July 23, 2015

A Compelling Case for Plastic Shipping Pallets

Part of what drives transformation in the manufacturing industry is the use of plastic shipping pallets.
Avatar Zoe Clark

Every part of the manufacturing production, warehouse and distribution process is now under scrutiny. The search for lower costs, higher sustainability and greater safety is now transforming the pallet industry. If you are still using wooden pallets, here are 6 reasons why now is time to make the shift to plastic shipping pallets.

1. Ease of Transportation

Plastic pallets are typically lighter than their wood counterparts. So, this means less wear and tear on the equipment you use to move or transport them. In addition, shipping and relocating plastic pallets is lighter, so will cost less in transportation fees.

2. Lower Total Cost of Ownership

Wooden pallets tend to splinter, crack and absorb water in humid environments. They frequently break, so require a labor resource to fix or repair. Wooden pallets’ multi-piece construction is not always automation friendly, which is increasingly an issue. Plastic shipping pallets can be picked up by a forklift from four sides, instead of just two, helping to create other automation or process efficiency. At best, it causes delays or programming modifications, which can cost more to manage over the long term. While plastic pallets have a higher initial cost than wooden ones, over the total lifetime of the pallet, plastic ones cost less.

3. Higher Customer Satisfaction

One attribute of plastic pallets is consistency in shape and form, and a lack of splinters or damage that can impact the goods that are stored or being transported on them. In any of these cases, a deformed pallet that damages the goods they should be supporting and protecting will undoubtedly lead to a poor customer experience.

4. Better Sustainability / Green Factor

Plastic pallets have a more durable and longer life span. That means they will last longer. A typical wooden pallet has a lifespan of only 3-5 years; a plastic pallet can last up to 10 years, or 250 trips, provided they are loaded according to specifications, and that environmental temperature regulations are followed. As an indication of how much more durable a plastic shipping pallet is, there is an active market for used plastic pallets. And, leasing options exist, which doesn’t make as much sense for wood products. Industries that benefited from switching to plastic pallets in Sydney include food, mattress, dairy, wine & spirits, chemical, flooring, export, steel, electrical, appliance, baking, material handling and packaging industries.

5. More Sanitary

Choosing plastic shipping pallets is a more sanitary choice, given that they don’t rot and can be washed with high pressure hoses. By sanitizing them between uses, the chance of cross-contamination is minimized, helping to reduce the spread of food borne illnesses like Salmonella, E. coli, or Listeria. Plastic pallets have smooth surfaces so are more “cleanable”; many offer flow-through design for easier washing. Alternatively, as wood pallets are more porous, they require periodical fumigation or heat treatment to comply with ISPM-15. These treatments further damage wood pallets, thereby shortening their lifespan.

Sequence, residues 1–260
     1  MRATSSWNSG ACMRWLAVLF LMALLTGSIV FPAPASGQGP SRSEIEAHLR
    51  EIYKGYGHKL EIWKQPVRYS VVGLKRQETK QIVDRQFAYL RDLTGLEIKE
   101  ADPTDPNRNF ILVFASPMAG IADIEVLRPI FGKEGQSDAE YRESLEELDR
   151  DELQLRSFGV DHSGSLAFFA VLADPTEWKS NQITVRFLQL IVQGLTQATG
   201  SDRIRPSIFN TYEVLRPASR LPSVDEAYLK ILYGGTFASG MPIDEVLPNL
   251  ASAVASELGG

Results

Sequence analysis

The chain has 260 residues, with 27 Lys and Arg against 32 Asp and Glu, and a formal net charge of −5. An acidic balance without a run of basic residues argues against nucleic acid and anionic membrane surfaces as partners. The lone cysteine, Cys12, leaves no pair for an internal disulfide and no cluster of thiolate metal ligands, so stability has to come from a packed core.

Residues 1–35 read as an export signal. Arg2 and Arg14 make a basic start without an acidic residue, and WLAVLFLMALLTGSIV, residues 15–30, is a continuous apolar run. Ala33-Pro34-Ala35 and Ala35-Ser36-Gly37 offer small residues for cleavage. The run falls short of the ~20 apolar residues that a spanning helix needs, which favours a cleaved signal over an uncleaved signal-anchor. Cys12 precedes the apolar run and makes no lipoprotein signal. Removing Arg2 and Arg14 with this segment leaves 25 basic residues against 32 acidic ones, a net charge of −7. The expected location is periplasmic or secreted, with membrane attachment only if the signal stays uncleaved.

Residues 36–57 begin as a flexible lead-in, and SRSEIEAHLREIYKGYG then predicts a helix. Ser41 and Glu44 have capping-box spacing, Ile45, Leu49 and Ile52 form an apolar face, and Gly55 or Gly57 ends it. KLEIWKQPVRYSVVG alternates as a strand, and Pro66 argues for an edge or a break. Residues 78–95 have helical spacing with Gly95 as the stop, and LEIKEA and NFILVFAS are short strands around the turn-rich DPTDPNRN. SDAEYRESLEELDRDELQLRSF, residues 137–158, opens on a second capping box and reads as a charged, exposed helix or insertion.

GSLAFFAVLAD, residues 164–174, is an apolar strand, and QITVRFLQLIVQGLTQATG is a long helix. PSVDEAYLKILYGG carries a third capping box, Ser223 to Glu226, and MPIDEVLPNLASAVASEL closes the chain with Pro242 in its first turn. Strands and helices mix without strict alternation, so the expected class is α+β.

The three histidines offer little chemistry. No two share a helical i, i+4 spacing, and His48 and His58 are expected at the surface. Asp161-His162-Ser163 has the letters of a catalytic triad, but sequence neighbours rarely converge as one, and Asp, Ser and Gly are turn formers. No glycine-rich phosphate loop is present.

6. A Safer Option

On average, a wood pallet has about 150 nails in it. A loose rusty nail or splinter can damage and even contaminate packed foods. And, they can be a source of injury, lost labor time or a painful infection. There have been cases where companies shifted to plastic pallets as their customers refused shipments that arrived on damaged wooden pallets, due in part to safety concerns. Plastic pallets, on the other hand, are produced by injection molding, as a single piece with no links or nails required. Virtually impossible to splinter or crack under normal load conditions, they are also impervious to insects, rodents and fungus growth. Better stacking ability means it is less likely a stack of plastic pallets will fall over, potentially causing injury.

Timber has historically been considered a prime material for shipping pallets for more than a century. It was affordable, readily available, and well understood. Change is often difficult. Most would like to avoid it, at all costs. However, in today’s world of manufacturing transformation, change is the norm, rather than the exception. New processes, methodologies, materials and concepts are now being embraced as the global competition manufactures operate in now dictates it. Today, it is become clear that plastic shipping pallets have so many advantages that their initial higher price is quickly compensated by durability, life span, re-usability and an unbelievable ROI.

What do you think? I welcome your feedback, if I have missed anything!

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